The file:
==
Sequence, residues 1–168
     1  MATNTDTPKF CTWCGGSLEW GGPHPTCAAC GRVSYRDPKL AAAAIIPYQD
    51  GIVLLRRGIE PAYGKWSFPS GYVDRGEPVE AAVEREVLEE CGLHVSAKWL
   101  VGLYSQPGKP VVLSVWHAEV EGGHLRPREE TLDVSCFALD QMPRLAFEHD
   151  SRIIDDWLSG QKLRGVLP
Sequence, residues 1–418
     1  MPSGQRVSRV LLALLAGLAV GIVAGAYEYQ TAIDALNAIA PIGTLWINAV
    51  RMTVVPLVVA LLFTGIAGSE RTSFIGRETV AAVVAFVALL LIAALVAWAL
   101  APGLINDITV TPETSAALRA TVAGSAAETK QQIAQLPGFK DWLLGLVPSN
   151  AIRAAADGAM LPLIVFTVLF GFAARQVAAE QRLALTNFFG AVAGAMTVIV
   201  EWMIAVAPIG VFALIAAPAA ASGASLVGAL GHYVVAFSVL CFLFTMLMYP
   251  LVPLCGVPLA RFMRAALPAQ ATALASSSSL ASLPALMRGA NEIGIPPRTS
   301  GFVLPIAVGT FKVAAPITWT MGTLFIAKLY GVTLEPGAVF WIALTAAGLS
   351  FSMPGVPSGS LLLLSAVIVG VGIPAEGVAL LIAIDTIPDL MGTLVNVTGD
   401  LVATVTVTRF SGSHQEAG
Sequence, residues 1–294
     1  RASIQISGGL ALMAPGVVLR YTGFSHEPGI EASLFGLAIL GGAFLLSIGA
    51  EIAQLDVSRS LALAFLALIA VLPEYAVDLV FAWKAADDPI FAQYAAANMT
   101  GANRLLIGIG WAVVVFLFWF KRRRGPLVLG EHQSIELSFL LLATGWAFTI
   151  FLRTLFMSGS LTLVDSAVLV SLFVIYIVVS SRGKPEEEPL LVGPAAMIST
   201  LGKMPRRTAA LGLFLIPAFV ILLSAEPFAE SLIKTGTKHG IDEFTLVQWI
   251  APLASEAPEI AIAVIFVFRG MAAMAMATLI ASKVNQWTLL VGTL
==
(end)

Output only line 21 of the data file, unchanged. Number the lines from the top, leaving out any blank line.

   201  LGKMPRRTAA LGLFLIPAFV ILLSAEPFAE SLIKTGTKHG IDEFTLVQWI